The devil taketh him up into an exceeding high mountain, and showeth him all the kingdoms of the world. Abbé Mariti, speaking of this mountain, says, “ Here we enjoy the most beautiful prospect imaginable. This part of the mountain overlooks the mountains of Arabia, the country of Gilead, the country of the Amorites, the plains of Moab, the plains of Jericho, the river Jordan, and the whole extent of the Dead Sea. It was here that the devil said to the Son of God, All these kingdoms will I give thee, if thou wilt fall down and worship me." What renders this probable is, that at this time Judea was divided into several kingdoms, or governments, under the three sons of Herod the Great, viz. Archelaus, Antipas, and Philip; which are not only called Ethnarchs and Tetrarchs in the Gospels, but also Kings and are said to reign. DR. A. CLARKE.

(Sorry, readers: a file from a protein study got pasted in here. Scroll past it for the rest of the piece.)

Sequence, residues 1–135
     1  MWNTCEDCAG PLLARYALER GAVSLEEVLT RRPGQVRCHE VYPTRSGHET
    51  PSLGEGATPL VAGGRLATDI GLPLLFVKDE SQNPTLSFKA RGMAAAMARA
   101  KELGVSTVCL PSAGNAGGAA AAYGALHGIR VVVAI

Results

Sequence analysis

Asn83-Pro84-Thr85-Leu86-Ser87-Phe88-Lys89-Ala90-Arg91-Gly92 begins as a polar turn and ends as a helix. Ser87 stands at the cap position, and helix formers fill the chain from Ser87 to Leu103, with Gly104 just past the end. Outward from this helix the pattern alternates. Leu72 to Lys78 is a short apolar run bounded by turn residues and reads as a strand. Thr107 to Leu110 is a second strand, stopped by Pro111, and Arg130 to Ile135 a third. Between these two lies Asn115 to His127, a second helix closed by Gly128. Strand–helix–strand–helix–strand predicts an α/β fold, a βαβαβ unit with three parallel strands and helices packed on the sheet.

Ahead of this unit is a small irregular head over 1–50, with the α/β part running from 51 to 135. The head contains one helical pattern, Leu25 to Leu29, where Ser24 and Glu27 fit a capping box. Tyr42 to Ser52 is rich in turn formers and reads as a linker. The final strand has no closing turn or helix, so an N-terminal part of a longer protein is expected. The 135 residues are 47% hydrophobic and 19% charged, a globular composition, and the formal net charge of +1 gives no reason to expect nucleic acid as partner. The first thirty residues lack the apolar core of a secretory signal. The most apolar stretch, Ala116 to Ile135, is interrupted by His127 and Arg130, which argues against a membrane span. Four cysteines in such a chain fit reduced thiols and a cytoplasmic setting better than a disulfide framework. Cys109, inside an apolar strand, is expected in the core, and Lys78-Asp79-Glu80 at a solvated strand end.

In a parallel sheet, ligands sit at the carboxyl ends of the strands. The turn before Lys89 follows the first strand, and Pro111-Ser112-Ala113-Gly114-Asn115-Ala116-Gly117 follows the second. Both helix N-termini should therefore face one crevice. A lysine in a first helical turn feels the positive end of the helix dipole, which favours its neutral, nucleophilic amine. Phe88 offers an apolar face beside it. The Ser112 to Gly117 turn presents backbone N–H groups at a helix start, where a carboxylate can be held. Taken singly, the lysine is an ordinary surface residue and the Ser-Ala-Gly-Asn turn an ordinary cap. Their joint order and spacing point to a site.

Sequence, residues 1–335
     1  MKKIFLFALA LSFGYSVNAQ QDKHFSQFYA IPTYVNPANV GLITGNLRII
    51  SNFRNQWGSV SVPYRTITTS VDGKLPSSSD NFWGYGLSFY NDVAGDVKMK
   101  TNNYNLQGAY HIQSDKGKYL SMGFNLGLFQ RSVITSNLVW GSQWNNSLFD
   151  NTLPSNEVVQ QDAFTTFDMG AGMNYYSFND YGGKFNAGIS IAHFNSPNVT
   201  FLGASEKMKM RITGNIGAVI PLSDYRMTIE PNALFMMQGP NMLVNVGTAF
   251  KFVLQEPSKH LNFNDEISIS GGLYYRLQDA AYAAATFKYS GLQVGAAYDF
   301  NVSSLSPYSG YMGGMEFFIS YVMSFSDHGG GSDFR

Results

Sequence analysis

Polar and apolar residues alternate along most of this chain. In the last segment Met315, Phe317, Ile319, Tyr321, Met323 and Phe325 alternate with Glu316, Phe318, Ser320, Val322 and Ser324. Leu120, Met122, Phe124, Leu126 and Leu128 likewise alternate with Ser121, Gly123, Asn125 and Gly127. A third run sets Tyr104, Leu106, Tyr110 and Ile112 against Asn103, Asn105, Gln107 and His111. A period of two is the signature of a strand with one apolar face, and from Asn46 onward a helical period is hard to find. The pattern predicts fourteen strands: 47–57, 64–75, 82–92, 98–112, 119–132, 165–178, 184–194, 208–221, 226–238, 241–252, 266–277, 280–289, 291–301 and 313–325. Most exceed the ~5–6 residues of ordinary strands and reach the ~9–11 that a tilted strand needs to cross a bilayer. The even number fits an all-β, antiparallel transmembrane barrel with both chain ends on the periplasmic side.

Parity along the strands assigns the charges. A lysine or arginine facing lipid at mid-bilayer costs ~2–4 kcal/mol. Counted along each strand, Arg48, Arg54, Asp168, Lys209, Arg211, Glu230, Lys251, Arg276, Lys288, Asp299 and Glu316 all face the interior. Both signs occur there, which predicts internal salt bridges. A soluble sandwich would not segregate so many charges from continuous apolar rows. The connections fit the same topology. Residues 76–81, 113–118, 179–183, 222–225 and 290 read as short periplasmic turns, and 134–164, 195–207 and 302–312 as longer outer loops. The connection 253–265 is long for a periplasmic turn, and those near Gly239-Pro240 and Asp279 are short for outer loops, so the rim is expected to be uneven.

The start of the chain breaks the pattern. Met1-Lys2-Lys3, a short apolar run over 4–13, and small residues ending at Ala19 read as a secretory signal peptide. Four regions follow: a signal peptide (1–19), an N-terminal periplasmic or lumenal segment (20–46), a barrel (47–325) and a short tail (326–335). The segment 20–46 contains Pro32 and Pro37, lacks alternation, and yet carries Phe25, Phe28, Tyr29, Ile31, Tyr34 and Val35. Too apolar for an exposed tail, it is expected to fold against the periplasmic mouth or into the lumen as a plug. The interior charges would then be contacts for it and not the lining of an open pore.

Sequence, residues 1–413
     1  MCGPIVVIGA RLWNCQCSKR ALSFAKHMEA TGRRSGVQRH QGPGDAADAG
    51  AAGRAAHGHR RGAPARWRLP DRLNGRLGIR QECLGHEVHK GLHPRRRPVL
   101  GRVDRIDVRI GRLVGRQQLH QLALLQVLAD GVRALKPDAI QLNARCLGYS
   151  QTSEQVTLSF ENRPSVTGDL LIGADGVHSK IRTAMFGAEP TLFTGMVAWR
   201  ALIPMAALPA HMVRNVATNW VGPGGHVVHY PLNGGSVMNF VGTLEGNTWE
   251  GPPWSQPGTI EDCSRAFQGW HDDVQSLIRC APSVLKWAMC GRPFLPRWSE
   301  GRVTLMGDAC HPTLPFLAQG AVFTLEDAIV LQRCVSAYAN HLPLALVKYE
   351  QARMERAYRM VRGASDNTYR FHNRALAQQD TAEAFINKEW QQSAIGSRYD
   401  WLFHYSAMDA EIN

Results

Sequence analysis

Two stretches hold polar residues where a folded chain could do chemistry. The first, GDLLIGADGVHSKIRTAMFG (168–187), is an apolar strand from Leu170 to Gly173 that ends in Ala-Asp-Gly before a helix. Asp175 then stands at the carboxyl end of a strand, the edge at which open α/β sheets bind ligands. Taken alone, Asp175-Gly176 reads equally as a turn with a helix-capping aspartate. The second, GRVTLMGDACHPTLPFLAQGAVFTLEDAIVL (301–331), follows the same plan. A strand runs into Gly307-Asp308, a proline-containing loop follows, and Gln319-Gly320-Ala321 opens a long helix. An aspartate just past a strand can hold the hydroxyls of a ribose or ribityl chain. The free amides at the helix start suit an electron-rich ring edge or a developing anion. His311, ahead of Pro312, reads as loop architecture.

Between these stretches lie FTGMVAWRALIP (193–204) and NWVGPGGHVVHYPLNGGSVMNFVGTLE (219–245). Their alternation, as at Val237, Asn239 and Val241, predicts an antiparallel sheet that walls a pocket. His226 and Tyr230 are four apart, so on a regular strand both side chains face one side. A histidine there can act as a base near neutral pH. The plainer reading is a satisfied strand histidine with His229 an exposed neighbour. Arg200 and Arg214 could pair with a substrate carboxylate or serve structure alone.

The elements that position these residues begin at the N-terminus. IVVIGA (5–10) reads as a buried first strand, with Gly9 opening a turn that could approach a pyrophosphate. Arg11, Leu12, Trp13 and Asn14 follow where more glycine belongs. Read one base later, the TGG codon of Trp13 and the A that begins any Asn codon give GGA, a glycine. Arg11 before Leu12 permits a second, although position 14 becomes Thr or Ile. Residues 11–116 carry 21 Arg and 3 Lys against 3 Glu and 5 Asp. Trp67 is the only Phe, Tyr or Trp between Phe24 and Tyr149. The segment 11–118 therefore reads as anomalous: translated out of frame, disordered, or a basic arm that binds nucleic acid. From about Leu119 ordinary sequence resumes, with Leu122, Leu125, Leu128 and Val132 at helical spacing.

We went out [of Jerusalem) at St. Stephen's gate, being in all, of every nation and sex, about two thousand pilgrims. Having crossed the valley of Jehoshaphat, and part of Mount Olivet, we came in half an hour to Bethany, at present only a small village. At the first entrance into it is an old ruin, which they call Lazarus's castle, supposed to have been the mansionhouse of that favourite of our Lord. About a bow-shot from hence you pass by the place which, they say, was Mary Magdalene's habitation ; and then descending a steep hill, you come to the Fountain of the Apostles ; so called, because, as tradition goes, those holy persons were wont to refresh themselves here, in their frequent travels between Jerusalem and Jericho.